It happens more than you might think: Fliers on plates in a dining hall. Bible verses on walls. Prayers at all-hands meetings. Inspirational lectures with a message of salvation. Speeches denigrating religious minorities or the nonreligious. Awkward invitations to a commanding officer’s Bible study or church. A decade in, MRFF says they have represented more than 50,000 clients—pushing back against violations large and small. Some Bible believers take that personally.

MRFF goes bulldog no matter who commits the violation. But the vast majority of their time is spent fending off fundamentalist Evangelical Christians that are exploiting the military hierarchy or public spaces and events to promote their form of Bible belief. Why center on fundamentalist Evangelicals? Because Jews, Hindus, Muslims, atheists, Wiccans, and even mainline Christians typically aren’t consumed with “sharing” their “good news” and questing for converts. In fact, the vast majority of MRFF clients are moderate Christians who value separation of church and state and their own spiritual privacy on the job.

Fundamentalist Evangelicals, though—especially in the military—are caught between a rock and a hard place. In their role as soldiers, their mission is to defend the United States including the American traditions of secularism and religious pluralism. But most religions teach that serving the will of God should take precedence over all else including any loyalties to nation or profession, and Evangelicals believe that the Bible commands them to win converts.

The word evangel literally means good news, by which Christians typically mean the notion that Jesus died for your sins so that you don’t have to be tortured forever in hell. Evangelical means centered on this salvation message, and evangelism means persuading other people that they too can be saved if only they believe. Where mainline Christians may elevate a Bible passage called The Great Commandment (love God and love your neighbor as yourself), many Evangelical churches elevate a passage called The Great Commission (go into the world and make disciples of every creature). In an individual life, prioritizing one or the other can make a world of difference.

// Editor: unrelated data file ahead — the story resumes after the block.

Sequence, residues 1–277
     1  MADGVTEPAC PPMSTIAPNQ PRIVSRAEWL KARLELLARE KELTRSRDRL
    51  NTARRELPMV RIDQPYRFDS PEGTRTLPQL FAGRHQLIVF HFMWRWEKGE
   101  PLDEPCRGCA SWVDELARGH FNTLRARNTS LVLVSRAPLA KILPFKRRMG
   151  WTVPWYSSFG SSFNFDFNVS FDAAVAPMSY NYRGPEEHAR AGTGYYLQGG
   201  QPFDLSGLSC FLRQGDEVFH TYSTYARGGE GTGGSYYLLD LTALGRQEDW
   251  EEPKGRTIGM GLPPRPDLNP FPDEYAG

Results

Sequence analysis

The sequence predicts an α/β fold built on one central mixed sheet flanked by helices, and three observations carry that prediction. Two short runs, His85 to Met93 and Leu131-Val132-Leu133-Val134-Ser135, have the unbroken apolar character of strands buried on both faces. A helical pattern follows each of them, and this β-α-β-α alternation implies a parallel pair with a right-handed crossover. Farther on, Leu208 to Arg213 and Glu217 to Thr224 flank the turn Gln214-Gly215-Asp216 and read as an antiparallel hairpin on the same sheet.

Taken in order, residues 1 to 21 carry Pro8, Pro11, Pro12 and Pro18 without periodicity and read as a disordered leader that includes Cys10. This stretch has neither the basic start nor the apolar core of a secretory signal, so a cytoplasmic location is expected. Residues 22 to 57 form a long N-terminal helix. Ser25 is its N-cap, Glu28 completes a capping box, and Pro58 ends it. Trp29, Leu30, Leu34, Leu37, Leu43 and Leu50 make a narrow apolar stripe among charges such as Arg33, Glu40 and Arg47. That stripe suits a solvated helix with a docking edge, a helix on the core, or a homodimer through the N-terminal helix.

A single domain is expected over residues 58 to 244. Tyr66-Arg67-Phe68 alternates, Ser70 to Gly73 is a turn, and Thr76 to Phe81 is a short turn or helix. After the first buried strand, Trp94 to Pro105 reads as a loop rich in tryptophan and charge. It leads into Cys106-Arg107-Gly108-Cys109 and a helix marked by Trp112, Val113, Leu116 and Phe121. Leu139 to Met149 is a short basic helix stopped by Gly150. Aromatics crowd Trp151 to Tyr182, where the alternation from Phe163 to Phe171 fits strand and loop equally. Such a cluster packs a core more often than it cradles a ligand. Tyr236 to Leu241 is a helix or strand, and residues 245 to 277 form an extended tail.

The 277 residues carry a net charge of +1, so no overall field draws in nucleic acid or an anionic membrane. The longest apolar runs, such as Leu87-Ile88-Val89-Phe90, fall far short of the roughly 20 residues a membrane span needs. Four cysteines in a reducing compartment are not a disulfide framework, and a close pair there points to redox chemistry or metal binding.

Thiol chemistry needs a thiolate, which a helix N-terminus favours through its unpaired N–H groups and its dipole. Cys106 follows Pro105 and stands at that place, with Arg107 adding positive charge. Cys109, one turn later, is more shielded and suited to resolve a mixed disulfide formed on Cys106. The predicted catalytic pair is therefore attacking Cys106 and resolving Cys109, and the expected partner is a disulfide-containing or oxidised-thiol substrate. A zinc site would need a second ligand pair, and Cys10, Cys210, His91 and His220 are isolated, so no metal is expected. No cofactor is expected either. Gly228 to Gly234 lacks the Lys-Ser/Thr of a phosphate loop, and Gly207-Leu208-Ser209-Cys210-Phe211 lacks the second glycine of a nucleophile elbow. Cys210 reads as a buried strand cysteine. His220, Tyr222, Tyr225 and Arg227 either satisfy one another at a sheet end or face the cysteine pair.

The perceived biblical mandate to win converts means that some fundamentalist Evangelicals feel threatened by anything or anyone that obstructs this mission. And when members of the military blow past the founding fathers, laws, and military regs in their quest to serve Jesus, MRFF is one organization that steps in their way.

When you step in the way of fighting men and women, it should be no surprise that some of them react, not by self-reflecting but by fighting. What may surprise many people on the outside, though, is just how ugly that can turn. Christianity makes people better, right? The Church is a moral light unto the world. The fruit of the spirit are love, joy, peace, temperance, longsuffering. Christians turn the other cheek. They are generous and kind, just like Jesus himself. That’s what most Christian kids are taught in Sunday school, which is one reason Islamism looks violent when contrasted with (this idealized version of) Christianity.

But ideals and realities are two different things, and Christianity, like Islam, has always had a dark side. For both, that has always included divinely sanctioned death threats. The very same exclusive truth claims that motivated Christianity’s crusades, purges, inquisitions, executions, forced conversions, centuries of vomitous anti-Semitism, and hostility toward other religions still hold full force in some minds. Skeptical? Read Bonnie Weinstein’s latest book of hate mail from Christians to the Military Religious Freedom Foundation: When Christians Break Bad. Here is a sample to get you going.

Sharing the Gospel of the Son of God with our nation’s young war heroes was just an innocent picnic of love for sinners to learn how to rid themselves of sin through Christ. It could only be jacked up by some hell bound hook nose. With an anti-christian agenda of hate towards Jesus Christ.

Our military is sacred to Jesus and your fucking it up trying to take the only Son of God out of it. . . enjoy the sulfur fumes as your are consumed in the Lake of Fire for your 2nd death – Revelations 21:8

There is only 1 country which is the most pure and precious to Jesus and that is the USA. Our soldiers are soldiers for Christ. No separation of Jesus and state in the constitutions. We don’t need no queers or jewboys and sand niggers to bring down are once proud red white and blue.

Your organization is no different than those enemies of America. Why don’t you move to those countries and join the Jihad! You’re a disgrace to Americans who have died for your freedom . . . . May Jesus Christ have mercy on you . . . Cause I know conservative American Christians would love to watch you suffer.

Jews have that certain smell